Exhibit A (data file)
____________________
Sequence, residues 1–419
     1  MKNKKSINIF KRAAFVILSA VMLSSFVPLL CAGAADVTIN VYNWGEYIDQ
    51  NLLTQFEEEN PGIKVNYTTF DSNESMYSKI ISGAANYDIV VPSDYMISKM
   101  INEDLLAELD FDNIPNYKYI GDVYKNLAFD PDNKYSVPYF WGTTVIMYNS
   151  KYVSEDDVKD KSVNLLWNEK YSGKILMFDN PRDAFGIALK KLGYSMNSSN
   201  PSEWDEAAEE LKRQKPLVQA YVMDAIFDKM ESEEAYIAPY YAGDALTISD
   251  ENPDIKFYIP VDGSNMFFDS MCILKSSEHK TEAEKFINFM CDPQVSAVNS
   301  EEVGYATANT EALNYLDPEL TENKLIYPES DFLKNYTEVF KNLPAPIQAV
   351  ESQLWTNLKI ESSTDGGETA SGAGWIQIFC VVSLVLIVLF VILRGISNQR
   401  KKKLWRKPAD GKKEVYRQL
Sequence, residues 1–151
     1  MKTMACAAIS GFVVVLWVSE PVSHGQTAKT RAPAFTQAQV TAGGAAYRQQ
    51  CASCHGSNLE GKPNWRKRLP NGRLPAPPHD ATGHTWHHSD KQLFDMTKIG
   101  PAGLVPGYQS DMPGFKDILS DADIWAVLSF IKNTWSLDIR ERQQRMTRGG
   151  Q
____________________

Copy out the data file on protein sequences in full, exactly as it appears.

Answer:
Sequence, residues 1–419
     1  MKNKKSINIF KRAAFVILSA VMLSSFVPLL CAGAADVTIN VYNWGEYIDQ
    51  NLLTQFEEEN PGIKVNYTTF DSNESMYSKI ISGAANYDIV VPSDYMISKM
   101  INEDLLAELD FDNIPNYKYI GDVYKNLAFD PDNKYSVPYF WGTTVIMYNS
   151  KYVSEDDVKD KSVNLLWNEK YSGKILMFDN PRDAFGIALK KLGYSMNSSN
   201  PSEWDEAAEE LKRQKPLVQA YVMDAIFDKM ESEEAYIAPY YAGDALTISD
   251  ENPDIKFYIP VDGSNMFFDS MCILKSSEHK TEAEKFINFM CDPQVSAVNS
   301  EEVGYATANT EALNYLDPEL TENKLIYPES DFLKNYTEVF KNLPAPIQAV
   351  ESQLWTNLKI ESSTDGGETA SGAGWIQIFC VVSLVLIVLF VILRGISNQR
   401  KKKLWRKPAD GKKEVYRQL
Sequence, residues 1–151
     1  MKTMACAAIS GFVVVLWVSE PVSHGQTAKT RAPAFTQAQV TAGGAAYRQQ
    51  CASCHGSNLE GKPNWRKRLP NGRLPAPPHD ATGHTWHHSD KQLFDMTKIG
   101  PAGLVPGYQS DMPGFKDILS DADIWAVLSF IKNTWSLDIR ERQQRMTRGG
   151  Q